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Christopher Sims and Thomas Sargent are the newest winners of the Nobel Prize in Economics.

I have heard  and read about both of these guys for years, but I did not really know about their contributions until reading this article.

Apparently, they had much to do with the concept of rational expectations, and the role that expectations play in the influence of monetary policy.

They won their Nobel for “their empirical research on cause and effect in the macroeconomy,” in the academy’s words. What that means, in part, is that they have done some serious math. Today, ideas they largely formed in the 1970s and ’80s help shape the thinking inside the Fed and on Wall Street.

Their work goes beyond old labels like Keynesianism and the monetarism of Milton Friedman. They have shown that fiscal and monetary policy are inextricably linked, and their research reflects the broad shift in economics from words to numbers — toward a level of empirical analysis that few outside the profession can readily grasp. But it contains a kernel of skepticism appropriate for these troubled times. In a world of uncertainty and constraint, cause and effect may not be what they seem. As a result, we must test and retest our assumptions — and try to prepare for the unexpected.

“The most impressive thing about them as scholars,” says David Easley, an economist at Cornell University, “is that in recent years they have questioned the assumptions of the models they helped to create, and they have been at the vanguard of the efforts to go beyond them.”

This last paragraph is interesting to me. They agree that there is room for new ideas and models that might better predict the results of economic policy, something our new nobel laureates admit is still not done very well.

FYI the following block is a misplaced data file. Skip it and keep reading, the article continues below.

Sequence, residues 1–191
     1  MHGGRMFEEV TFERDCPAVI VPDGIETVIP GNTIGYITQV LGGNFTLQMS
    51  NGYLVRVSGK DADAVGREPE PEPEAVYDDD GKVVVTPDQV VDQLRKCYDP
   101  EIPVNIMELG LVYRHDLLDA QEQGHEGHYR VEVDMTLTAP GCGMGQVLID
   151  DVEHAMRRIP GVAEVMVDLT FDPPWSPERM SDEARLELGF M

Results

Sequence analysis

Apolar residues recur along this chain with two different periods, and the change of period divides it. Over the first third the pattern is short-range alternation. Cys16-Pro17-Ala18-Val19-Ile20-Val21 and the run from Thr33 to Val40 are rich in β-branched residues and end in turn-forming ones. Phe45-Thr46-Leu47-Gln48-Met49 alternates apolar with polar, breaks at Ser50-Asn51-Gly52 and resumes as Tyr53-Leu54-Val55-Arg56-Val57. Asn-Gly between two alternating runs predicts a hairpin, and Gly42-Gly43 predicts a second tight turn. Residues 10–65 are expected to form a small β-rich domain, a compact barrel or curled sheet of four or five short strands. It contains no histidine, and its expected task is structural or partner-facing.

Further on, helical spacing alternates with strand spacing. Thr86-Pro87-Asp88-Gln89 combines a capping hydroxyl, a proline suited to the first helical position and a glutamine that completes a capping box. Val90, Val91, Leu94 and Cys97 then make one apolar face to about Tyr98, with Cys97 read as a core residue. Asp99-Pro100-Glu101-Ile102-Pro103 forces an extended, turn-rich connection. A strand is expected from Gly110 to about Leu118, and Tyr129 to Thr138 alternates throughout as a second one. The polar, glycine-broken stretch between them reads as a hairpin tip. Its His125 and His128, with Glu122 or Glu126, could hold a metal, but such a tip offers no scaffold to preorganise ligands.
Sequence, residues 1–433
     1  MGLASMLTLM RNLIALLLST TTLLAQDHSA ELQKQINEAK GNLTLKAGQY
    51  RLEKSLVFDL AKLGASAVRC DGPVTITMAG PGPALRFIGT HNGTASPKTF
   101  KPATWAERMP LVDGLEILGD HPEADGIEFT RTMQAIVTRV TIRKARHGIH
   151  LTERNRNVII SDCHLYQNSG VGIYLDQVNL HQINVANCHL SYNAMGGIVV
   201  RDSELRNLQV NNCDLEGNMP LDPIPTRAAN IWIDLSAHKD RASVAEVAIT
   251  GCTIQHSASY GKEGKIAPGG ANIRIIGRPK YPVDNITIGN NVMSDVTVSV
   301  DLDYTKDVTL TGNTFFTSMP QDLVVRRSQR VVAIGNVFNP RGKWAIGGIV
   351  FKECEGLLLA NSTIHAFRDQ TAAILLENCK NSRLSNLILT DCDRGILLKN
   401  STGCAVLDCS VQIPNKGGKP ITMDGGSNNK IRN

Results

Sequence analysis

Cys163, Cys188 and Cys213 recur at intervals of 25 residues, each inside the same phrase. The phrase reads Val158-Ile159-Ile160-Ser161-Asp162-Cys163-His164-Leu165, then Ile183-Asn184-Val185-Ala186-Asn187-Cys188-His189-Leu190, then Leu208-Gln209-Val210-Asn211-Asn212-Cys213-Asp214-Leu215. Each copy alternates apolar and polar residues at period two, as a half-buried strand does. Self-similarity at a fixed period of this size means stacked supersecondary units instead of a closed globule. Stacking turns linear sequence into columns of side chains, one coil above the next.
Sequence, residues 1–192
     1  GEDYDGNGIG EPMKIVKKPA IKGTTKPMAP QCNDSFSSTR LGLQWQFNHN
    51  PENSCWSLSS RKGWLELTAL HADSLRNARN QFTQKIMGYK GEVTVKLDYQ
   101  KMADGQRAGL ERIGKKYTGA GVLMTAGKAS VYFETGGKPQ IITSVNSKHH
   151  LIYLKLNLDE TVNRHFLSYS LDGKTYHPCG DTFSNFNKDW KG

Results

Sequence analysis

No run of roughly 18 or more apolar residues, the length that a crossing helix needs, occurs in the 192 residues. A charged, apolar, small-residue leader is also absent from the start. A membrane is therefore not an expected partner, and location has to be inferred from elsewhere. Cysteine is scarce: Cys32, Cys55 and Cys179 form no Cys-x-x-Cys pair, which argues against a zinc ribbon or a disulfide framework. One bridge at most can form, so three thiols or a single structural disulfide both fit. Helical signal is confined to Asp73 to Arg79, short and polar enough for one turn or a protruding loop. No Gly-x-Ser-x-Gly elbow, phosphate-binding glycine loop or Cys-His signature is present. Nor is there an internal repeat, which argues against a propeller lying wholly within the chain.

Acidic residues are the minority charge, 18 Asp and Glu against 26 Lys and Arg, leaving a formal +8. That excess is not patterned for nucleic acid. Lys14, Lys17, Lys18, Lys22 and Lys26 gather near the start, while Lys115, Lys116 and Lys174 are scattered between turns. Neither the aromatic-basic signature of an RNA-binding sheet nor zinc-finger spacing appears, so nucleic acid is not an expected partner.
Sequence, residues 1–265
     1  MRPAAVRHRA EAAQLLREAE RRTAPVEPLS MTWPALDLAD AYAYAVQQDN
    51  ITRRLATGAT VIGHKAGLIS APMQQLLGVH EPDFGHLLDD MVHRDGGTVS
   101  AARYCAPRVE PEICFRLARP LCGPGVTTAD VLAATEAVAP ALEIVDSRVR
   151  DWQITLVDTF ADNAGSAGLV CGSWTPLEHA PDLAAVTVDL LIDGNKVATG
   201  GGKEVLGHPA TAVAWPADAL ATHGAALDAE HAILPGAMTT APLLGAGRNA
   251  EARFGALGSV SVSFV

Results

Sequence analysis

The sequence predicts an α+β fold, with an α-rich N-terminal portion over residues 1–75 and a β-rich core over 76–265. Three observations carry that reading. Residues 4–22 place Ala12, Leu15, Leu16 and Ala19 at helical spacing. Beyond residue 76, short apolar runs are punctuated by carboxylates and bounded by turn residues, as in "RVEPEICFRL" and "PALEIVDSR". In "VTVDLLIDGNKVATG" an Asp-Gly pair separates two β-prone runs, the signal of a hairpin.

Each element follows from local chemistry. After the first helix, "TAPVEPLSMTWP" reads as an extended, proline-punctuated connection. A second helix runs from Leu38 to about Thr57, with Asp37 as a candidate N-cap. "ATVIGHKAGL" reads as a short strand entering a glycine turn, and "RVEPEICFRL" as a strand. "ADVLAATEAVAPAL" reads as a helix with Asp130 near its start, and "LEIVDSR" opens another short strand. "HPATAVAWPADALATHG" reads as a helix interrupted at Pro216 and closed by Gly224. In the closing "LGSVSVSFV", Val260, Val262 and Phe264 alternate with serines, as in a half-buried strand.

Mr. Sargent is tough on himself, saying the “rational expectations approach” and the techniques he has helped to pioneer don’t yet capture economic reality. How do people really think, as individuals and in a market? How should we account for changes in expectations as people learn? How should we incorporate human thinking more realistically into economic models? He’s grappling with such questions, seeking more sophisticated techniques that incorporate what he calls the theory of “adaptive learning.”

His own assumptions need to be continually re-examined “to capture a fundamentally uncertain, constrained, complicated world,” he says.

Simon Potter, director of economic research at the New York Federal Reserve, says he has taken Mr. Sargent’s message to heart: “Our profession hasn’t reached the stage where it can reliably forecast the economy,” Mr. Potter says. “Our collective failure to do so in the financial crisis shows this.”

Maybe the next Nobel goes to a newer model that solves some of those problems. Any volunteers?